It is what it is. If the shoe fits, wear it. If you’ve got it, flaunt it. A rose by any other name….
Our language is peppered with such phrases that urge authenticity. Perhaps Shakespeare said it most eloquently (Hamlet, I,3, 564-566) with
This above all--to thine own self be true, And it must follow, as the night the day, Thou canst not then be false to any man.
On the one hand, political correctness would have us find the least offensive words to describe one another—pleasantly plump, not fat. On the other hand, and particularly today in an era of alternative facts and fake news, critical thinking demands that we describe the world as accurately as possible, in order that we might make the most effective decisions.
So, I have a problem with one of our assessments—the WorkPlace Values Profile (for a free tryout, ask at firstname.lastname@example.org) . This profile measures the relative importance of 16 values for an individual—things like Power, Beauty, and Relationships. My problem—one of tact vs. truth—is with Materialism, one of our 16 values. Many people just don’t like being associated with that word, in spite of answering relevant questions in support of materialism:
- Having possessions that are the envy of others
- Having really nice things around me
- Being able to shop at the finer stores or other venues
- Maximizing the amount of luxury in my life
- Being seen in settings that are fashionable
When someone’s answers endorse these items, they get a high score on Materialism. Too many clients have told me that they squirmed when they saw their high score, saying “I’m not really that materialistic!” In processing their results, we review how they answered each question, yet they wouldn’t change their answers. “Compared to others,” I then say, “you are more materialistic than the norm.” That is what these statements define—materialism is an emphasis on having nice things, shopping at finer venues, maximizing luxury, being fashionable, having possessions. While they may also have high scores on values such as Relationships, Helping, or Intellect, it is as though many people feel like the materialistic label overshadows their other values, that being seen as materialistic negates other values. You can’t be true to two, they feel. You can’t value Intellect and be Materialistic. The appellation of materialistic seems to taint its bedfellows—guilt by association.
Just as “Something there is that doesn’t like a wall” (Robert Frost, “Mending Wall”), there something that many people don’t like when they are described as “materialistic.” Materialism is both a philosophical and an everyday term. In philosophy, a materialist asserts that nothing exists beside the observable, physical world. As an everyday word, a materialistic person typically describes someone who values things, especially nice things. A materialistic person in the everyday sense could also exhibit other values, such as Relationships, Spirituality, and Intellect, that might appear to be the opposite of Materialism. The often-thought opposites of Spiritualism and Materialism were conjoined in the Rev. Jim Bakker’s dictum that “God doesn’t like junk.” Monks are examples of non-materialistic spiritualists. Bakker was a materialistic spiritualist, with his gold-plated bathroom faucets.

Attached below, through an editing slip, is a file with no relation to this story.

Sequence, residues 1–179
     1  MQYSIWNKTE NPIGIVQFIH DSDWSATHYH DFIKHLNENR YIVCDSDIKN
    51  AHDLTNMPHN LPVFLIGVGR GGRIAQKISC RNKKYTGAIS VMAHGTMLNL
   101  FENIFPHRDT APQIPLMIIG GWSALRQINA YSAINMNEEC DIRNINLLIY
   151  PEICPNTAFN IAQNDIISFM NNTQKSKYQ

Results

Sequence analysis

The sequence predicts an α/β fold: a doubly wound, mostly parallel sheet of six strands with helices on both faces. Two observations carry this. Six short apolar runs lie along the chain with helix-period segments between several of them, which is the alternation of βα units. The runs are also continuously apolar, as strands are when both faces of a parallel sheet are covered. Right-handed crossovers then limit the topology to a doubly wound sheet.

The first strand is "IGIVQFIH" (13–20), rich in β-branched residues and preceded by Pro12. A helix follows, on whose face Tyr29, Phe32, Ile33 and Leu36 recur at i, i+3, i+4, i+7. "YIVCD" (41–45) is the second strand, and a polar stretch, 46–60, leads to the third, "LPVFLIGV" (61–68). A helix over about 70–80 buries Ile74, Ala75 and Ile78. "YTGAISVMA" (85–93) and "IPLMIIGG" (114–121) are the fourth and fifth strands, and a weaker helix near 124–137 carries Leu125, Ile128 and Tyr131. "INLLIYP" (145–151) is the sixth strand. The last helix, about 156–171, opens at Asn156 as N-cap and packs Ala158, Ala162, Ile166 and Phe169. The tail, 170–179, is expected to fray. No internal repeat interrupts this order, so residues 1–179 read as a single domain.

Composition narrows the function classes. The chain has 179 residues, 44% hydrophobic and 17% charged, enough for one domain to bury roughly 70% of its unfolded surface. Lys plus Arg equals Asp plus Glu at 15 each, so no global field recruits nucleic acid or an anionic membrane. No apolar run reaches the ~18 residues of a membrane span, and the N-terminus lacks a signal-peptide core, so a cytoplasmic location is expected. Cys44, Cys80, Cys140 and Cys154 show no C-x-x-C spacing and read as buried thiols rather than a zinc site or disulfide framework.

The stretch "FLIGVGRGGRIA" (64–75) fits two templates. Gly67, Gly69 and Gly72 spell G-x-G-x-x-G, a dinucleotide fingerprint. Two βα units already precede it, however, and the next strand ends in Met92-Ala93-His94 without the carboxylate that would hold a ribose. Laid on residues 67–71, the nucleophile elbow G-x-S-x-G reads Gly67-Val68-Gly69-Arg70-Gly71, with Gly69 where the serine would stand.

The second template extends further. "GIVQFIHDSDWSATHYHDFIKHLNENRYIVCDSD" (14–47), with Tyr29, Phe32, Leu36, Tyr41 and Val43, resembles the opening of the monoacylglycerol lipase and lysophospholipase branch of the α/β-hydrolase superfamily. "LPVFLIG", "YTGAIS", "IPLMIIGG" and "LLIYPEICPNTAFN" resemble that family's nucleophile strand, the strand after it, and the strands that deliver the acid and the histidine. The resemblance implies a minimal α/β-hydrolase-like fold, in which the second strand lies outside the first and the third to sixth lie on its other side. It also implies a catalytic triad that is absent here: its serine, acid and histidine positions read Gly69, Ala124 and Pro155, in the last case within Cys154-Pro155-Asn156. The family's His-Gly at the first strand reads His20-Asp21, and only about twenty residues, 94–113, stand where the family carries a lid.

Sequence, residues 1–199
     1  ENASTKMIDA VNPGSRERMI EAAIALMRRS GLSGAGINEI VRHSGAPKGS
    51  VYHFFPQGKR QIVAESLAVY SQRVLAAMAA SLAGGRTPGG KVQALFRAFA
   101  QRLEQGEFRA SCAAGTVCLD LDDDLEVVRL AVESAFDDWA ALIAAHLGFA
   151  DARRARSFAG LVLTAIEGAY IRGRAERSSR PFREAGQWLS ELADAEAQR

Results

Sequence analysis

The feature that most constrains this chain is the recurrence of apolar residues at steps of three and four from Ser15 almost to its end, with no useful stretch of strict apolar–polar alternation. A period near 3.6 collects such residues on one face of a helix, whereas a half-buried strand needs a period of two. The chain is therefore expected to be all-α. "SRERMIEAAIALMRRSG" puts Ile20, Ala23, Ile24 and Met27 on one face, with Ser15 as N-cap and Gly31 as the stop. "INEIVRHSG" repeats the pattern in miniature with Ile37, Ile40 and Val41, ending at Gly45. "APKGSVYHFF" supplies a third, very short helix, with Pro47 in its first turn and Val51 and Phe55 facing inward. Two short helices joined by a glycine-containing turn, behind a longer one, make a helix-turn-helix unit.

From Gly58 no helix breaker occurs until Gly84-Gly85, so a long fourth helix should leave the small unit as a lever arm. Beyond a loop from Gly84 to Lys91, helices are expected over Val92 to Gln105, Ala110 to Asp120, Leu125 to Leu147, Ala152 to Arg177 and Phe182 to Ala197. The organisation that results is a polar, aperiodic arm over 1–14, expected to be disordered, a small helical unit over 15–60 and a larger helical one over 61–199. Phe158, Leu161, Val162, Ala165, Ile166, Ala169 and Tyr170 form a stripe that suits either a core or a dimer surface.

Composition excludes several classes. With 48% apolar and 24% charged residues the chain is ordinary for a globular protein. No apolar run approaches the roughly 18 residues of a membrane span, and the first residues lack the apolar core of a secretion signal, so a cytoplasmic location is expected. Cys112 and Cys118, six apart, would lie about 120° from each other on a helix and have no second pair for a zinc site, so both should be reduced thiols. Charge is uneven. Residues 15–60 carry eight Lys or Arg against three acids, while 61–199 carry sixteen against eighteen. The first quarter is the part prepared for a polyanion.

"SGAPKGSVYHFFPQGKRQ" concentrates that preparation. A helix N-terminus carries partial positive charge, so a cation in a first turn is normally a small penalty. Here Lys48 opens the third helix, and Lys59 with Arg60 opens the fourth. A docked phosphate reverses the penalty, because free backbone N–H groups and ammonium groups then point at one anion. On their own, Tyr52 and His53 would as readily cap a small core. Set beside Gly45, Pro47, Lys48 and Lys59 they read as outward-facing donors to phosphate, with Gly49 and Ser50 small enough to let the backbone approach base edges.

I should say that I do see Materialism as neither a good nor a bad value. Like any other value, it can be used for good or ill. Some materialists set standards that are motivating to others, while other materialists exhibit a greed that crushes motivation. Some of my best friends are materialistic! I had a colleague once who chided me upon hearing that I was headed for Europe one summer. “I wish I had that kind of money.” “You do,” I quipped, “but you spent it on a Cadillac. I drive a VW beetle! And, I go to Europe on the difference in price.” Desire for Status drove his Materialism to have things that made others envious. My desire for intellectual stimulation took the same money and applied to travel and books.
I have searched thesauri for synonyms that would be more neutral/less offensive—worldliness, acquisitiveness, object-orientation, possessiveness, physicalism, greediness. None quite worked. One that I did like—materiality—has a fixed meaning in auditing—small discrepancies are immaterial, while large ones are material, or show materiality. I think “materiality” is the best of the words I’ve considered—the most neutral. “Materiality” suggests that something is way out of line—an egregious mistake, intentional or otherwise. Should I not be concerned about this special meaning of a word that otherwise is the most objective way of saying “Materialism”?
What do you think? Should I/we keep using “materialism” and shrug at complaints, saying, “Hey, a rose is a rose is a rose….” Or should we replace it with “materiality”? Or something else?